Post Natal Depression Support for Fathers

28 March 2004

Post natal depression support for men

A pioneering mental health programme for new fathers who could be at risk of a breakdown has been launched at a maternity unit in Essex. Midwives and nurses are trained to spot men, as well as women, with signs of stress and post-natal depression.  It is now recognised that men can develop depression post-natally, and that this is more likely when their partner is suffering from it.

A telephone helpline, counselling, leaflets and posters are all part of the service aimed especially at reaching young fathers.  HOWEVER, all fathers – not just young fathers – can receive the telephone and email support.  And while support is primarily for fathers in South Essex, some advice and information is available to fathers from other localities (see the end of this article for contact details).

Basildon Hospital already offers a helpline and counselling for mothers. The idea for a similar service for men came to Mary Alabaster, head of maternal mental health at South Essex Partnership Trust based at nearby Runwell Hospital.

Mary Alabaster said: “Fathers psychological health is a neglected area. We do a lot for mothers, but not for dads. When I see women, I am often left wondering how their partners are coping.

“Pregnancy and the arrival of a new baby are stressful times for a man too. How does he feel, how does he cope, what’s going inside his head? “Men by their very nature are not allowed to talk about their inner selves or express their feelings. Society expects them to be the provider and not to admit any emotional stress. The stress on some men must be enormous, but they can’t express it and they have to bottle it all up.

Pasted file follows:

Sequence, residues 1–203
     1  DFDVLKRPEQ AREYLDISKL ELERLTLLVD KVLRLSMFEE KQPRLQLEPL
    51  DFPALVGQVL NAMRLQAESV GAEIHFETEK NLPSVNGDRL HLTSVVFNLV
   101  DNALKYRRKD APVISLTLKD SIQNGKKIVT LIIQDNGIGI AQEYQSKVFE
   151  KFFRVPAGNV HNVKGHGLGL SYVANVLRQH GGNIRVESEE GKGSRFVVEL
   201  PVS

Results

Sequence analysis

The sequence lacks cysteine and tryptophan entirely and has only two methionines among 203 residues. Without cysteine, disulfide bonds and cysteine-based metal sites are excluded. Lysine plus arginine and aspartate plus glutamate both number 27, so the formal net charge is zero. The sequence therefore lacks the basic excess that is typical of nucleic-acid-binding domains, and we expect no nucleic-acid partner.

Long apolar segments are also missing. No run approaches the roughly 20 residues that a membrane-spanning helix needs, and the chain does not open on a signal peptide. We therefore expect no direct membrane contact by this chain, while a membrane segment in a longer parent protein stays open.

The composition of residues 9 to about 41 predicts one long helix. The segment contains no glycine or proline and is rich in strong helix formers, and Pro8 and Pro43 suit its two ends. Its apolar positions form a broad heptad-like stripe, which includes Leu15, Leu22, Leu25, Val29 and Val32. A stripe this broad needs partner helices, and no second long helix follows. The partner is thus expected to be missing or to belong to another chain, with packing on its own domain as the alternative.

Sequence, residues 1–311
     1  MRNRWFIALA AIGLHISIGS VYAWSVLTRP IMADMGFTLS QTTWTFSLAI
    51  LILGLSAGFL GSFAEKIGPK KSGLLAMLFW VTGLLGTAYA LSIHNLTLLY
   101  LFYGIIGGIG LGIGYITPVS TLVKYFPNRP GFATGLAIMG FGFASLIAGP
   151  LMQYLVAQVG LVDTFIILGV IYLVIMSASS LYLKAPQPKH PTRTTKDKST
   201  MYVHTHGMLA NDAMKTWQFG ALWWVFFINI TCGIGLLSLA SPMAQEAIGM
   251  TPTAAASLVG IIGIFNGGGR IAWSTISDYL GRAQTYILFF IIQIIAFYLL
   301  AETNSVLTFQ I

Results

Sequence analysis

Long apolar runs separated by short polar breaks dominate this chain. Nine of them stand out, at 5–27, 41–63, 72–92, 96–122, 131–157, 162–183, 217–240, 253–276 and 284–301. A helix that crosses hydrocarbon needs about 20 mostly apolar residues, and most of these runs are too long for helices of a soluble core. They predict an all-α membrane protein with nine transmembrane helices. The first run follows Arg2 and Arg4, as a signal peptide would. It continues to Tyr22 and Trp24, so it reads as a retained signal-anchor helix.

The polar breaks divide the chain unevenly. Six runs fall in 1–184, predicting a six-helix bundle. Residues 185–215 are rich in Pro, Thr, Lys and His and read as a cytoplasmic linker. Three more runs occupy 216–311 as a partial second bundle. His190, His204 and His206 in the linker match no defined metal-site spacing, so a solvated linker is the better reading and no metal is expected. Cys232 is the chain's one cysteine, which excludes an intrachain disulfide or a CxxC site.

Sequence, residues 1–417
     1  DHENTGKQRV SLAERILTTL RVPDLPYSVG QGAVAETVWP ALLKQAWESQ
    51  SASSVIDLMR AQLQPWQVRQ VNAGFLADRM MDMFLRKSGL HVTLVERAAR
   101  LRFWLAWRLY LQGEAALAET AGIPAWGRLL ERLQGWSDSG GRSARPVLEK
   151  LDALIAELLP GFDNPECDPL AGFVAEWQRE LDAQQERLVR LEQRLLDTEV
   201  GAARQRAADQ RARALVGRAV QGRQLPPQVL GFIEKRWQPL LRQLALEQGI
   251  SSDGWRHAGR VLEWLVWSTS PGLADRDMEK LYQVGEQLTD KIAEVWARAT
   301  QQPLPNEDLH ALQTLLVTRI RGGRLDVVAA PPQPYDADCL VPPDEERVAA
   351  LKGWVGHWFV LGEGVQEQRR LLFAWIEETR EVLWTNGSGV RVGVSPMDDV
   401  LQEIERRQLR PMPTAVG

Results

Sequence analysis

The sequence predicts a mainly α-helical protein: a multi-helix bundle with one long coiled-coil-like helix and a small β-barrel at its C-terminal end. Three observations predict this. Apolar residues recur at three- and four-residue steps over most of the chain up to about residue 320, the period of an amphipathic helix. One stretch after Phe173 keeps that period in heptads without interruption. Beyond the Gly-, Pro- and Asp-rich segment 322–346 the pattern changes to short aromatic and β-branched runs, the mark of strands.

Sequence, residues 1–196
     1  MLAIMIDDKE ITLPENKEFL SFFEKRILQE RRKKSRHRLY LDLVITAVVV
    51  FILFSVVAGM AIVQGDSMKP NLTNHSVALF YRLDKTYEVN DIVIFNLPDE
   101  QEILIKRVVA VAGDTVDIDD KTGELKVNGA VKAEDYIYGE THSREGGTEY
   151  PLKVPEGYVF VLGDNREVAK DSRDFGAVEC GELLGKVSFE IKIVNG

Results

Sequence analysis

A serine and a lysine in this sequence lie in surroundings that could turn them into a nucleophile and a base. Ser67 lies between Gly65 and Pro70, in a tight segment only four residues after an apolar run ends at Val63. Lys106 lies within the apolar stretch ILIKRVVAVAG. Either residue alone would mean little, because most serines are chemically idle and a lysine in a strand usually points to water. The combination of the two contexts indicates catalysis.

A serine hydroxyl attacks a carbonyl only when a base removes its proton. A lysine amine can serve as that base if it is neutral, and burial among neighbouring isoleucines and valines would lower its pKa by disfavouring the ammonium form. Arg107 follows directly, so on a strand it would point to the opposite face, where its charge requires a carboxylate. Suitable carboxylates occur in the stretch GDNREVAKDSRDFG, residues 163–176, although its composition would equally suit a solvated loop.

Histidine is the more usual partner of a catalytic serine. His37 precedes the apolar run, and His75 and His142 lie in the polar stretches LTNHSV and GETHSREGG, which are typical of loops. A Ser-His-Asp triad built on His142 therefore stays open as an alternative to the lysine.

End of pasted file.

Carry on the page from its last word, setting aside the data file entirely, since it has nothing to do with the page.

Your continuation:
“The bottom line is – where do men get the support they need at this stressful time? Services are very fragmented and mostly directed at women and children, and are just not geared for men at all. Even GPs surgeries usually open from nine to five. What happens when men are at work?”

The initiative follows research that suggests a growing proportion of young men – especially young dads – could be suffering from psychological illness. The government’s national suicide strategy document, published last September, revealed that suicide is the commonest cause of death among men under 35.

Statistics also suggest that more relationships break down in the early years of fatherhood than at any other time, perhaps as a result of the stress of parenthood. Around one in three new fathers attending Basildon maternity unit already have at least one child under five.

In Basildon, health workers score fathers as well as mothers for “vulnerability” before and after childbirth, by asking questions about how they are coping at pre and post natal interviews. It does not matter if the men don’t give a clear answer – the hope is to “plant a seed”, so they know where to come for help later if they need to.

Experienced fathers have been recruited to learn counselling skills, and are providing a telephone helpline in association with the mental health charity MIND. Under the slogan “FM – Fathers Matter. Listen!” the initiative is promoted in the community, as well as in the maternity unit, clinics and GP surgeries.

Links:

For information about the project contact Mary Alabaster 01268 366018 mary.alabaster@southessex-trust.nhs.uk

For email support for fathers contact Mary Alabaster 01268 366018 mary.alabaster@southessex-trust.nhs.uk

For telephone helpline support contact 01268 556328

mary.alabaster@southessex-trust.nhs.uk

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